Religions and religious denominations constitute such a multitude of phenomena that it has not been possible for scientists to achieve agreement upon a definition of religion. In the Finnish sociology of religion, religion is often characterized by five aspects, as has been presented by the Americans, Glock and Stark.
1. An aspect of experience (religious feelings, experiences and visions of deity, etc.).
2. An ideological aspect (ideas about God, life after death, salvation).
3. A ritual aspect (private and denominational practicing of religion, such as prayers, meditation, divine services, and religious ceremonies pertaining to the various stages of life).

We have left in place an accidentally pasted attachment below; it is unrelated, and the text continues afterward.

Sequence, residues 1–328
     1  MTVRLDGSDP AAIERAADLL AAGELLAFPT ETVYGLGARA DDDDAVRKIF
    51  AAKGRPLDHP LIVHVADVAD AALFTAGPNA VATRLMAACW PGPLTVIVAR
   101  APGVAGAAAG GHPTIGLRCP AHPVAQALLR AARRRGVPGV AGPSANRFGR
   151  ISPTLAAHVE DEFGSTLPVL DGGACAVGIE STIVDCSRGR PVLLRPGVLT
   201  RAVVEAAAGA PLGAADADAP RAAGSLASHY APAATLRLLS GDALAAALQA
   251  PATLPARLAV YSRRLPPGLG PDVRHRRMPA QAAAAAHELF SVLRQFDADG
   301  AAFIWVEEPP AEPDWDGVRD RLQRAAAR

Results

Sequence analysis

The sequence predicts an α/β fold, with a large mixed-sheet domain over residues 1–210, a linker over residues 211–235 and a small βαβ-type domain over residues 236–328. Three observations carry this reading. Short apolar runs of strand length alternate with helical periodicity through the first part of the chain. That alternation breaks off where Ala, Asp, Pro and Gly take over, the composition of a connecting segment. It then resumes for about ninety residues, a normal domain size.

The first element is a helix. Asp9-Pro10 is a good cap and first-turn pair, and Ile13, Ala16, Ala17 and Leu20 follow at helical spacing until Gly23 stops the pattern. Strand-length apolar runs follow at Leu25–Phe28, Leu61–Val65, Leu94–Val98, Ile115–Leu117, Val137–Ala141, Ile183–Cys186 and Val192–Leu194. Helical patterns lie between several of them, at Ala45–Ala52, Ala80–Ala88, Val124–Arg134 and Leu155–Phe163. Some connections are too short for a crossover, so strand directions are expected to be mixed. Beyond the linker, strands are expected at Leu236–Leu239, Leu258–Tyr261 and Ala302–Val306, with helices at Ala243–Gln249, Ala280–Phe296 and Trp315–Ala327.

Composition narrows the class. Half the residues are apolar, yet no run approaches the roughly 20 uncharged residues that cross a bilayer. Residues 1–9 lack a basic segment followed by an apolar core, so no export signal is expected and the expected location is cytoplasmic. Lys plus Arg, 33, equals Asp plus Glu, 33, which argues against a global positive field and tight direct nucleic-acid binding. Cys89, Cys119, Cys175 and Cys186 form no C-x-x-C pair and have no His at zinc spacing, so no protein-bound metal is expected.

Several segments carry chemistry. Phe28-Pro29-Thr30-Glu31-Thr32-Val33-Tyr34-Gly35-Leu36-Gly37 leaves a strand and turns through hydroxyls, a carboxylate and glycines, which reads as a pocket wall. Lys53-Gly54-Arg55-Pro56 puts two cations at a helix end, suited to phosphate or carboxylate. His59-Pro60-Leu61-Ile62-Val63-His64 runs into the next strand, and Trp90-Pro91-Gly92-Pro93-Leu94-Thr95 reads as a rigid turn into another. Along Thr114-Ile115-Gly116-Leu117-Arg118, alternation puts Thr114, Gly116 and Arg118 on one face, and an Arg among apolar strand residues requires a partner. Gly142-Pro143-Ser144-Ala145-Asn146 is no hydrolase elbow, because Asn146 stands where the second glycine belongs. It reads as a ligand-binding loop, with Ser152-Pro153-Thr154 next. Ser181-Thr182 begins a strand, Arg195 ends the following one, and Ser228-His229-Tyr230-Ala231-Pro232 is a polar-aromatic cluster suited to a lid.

4. An intellectual aspect (a knowledge of the contents of the belief).
5. The aspects of consequence (salvation, peace of mind, correct behaviour).
Usually in all definitions of religion it is assumed that there is a certain idea of belief, which when followed will lead to a harmony with the most profound meaning of life itself—whether this may be an individual God, the Supreme Being or the Cosmic or Ethical basis of life. Second, to a religion pertains religious rites and rituals and norms of behaviour. Third, religion requires a denomination of believers or members.